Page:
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Not Many Fathers...

M. Russell Thomas, PhD

…For even if you have 10,000 trainers in connection with the Messiah, you do not have many fathers; for in connection with the Messiah Yeshua it was I who became your father by means of the Good News.

I Corinthians 4:15 (Jewish Complete Bible)

I came across this word in my Daily Bread devotional this morning. While maybe fit for a Father's day blog, timing is everything! It still seems incredibly relevant for us today. There are many trainers, but not many fathers. Fatherhood has been under assault for decades, led by an onslaught of TV sitcoms dating back to the 1970’s. They generally project men to be a bunch of bumbling buffoons, narrow-minded, unsure of themselves, irresponsible, emotionally detached and only interested in sex. The common stereotype is a guy who’d rather play golf than to give a piece of his heart to his wife and kids. It’s not that men haven’t deserved the rap to some extent. But instead of making the necessary corrections, many men have either acquiesced and accepted the role as advertised or have reacted to assume despotic roles in both family and society. Others have just thrown in the towel and totally abandoned their post, sometimes literally, sometimes emotionally, sometimes both. The consequences have been severe. Many psychological studies have documented the negative consequences of fathers’ reduction to the role of trainer. One study stands out in my head from the late 90’s. The study focused on violence among teenage males. The major finding of this study: that just one relationship with a father or father figure, buffered against violent acts. It is a finding that has stood through time and has been echoed in various ways and in various studies, including my own doctoral dissertation data.

Paul’s words to the Corinthians demand our attention in today’s world. It’s a world with many trainers but not many fathers. Paul was addressing the Corinthians’ attitudes. In short, it stunk! Their attitudes were defined by arrogance and dipped in self-sufficiency. I’m thinking the impression must have left Paul feeling like he was dealing with a bunch of junior high kids! Paul, who identifies himself as a father in the faith, sees something much more. He has in mind mature, established sons and daughters who are immovable in their faith and understand their place in this world. So, how did Paul formulate the situation? He reduced life to 2 kinds of men in the world: trainers and fathers. What’s the difference?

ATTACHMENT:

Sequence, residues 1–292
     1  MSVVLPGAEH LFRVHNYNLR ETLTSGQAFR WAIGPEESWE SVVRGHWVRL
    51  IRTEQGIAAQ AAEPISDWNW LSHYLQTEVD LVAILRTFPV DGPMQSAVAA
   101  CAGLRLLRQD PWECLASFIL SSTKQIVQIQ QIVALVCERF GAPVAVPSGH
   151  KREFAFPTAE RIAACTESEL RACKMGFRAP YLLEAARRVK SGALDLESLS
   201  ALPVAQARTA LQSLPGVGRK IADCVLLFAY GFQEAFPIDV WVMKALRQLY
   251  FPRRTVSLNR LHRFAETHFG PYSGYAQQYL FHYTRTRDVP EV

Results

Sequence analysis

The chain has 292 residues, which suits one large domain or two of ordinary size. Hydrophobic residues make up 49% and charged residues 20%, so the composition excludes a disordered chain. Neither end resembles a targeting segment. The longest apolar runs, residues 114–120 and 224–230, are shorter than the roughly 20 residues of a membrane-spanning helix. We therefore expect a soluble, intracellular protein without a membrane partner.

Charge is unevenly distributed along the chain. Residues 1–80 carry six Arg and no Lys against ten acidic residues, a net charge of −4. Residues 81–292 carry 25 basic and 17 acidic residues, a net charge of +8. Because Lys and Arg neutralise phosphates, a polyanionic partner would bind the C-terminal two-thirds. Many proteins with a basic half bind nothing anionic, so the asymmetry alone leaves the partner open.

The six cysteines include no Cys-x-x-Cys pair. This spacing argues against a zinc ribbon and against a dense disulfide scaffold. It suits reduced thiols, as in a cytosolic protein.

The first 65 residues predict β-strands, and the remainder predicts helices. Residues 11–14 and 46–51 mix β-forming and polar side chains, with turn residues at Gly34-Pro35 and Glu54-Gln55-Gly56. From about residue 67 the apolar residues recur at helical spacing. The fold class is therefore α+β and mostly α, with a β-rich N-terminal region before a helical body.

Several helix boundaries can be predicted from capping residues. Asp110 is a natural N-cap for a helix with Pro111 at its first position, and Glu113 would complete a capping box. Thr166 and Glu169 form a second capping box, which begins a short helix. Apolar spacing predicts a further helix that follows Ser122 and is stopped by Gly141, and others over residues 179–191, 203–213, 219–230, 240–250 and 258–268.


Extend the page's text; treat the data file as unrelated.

· Trainers tell you what to do, fathers show you what to do,

· Trainers teach you how to throw a curve ball, a father never misses your game,

· Trainers prepare you to compete and win, while fathers cheer you through the battle,

understanding that its not just about your performance, but your heart that is on the

line and is easily bruised when you come up short,

· Trainers give you the seed, while fathers work with you to grow your garden,

· A trainer seeks to motivate your emotions, fathers seek to help you modulate your

emotions (otherwise known as self-control),

· Trainers are focused on the outcome, fathers are focused on the journey,

· Trainers send the gurney to the field when you are injured, fathers scoop you up and

carry you off the field, assuring you that everything will be ok,

· Trainers impart knowledge, fathers impart their hearts.

There’s a difference. There’s a place for both but Paul was on to something. If you want to grow up (in the faith), you’re going to need fathering. Trainers will teach you while fathers will anchor you with their relationship. Trainers see where you are, while fathers see what you can become. A trainer imparts knowledge and knowledge can be good, but it can also puff up (I Cor 8:1). But a father, now that’s a man who invests everything he has in your life. A good dad teaches as a trainer, but then he cries with you when you’re frustrated and just can’t seem to get it right. A father talks to you about life as you ride around town, provides counsel (whether you want it or not!) and never misses an opportunity to notice the subtle details of your life. He is someone that is at his best when you are at your worst and breaks out in a cold sweat when it’s time to take his hands off the handlebars and let you do it yourself just because he knows it’s your destiny to conquer in spite of the known dangers. The trainer bandages wounded knees…a father bandages wounded hearts!

Some reading this haven’t had a father in their life. You’ve had all the trainers, but not many fathers. But whether you’ve had a father or not, the need is part of the human condition. The word to us today is the same word that the prophet Nathan brought to David in II Samuel 7:14. “Hear what the Lord God says, I will be your father and you will be my son…my love and grace will never be taken away” (a hybrid of translations). This is the heart of our Heavenly Father. He is our steady anchor. Our calling is to be like Him!

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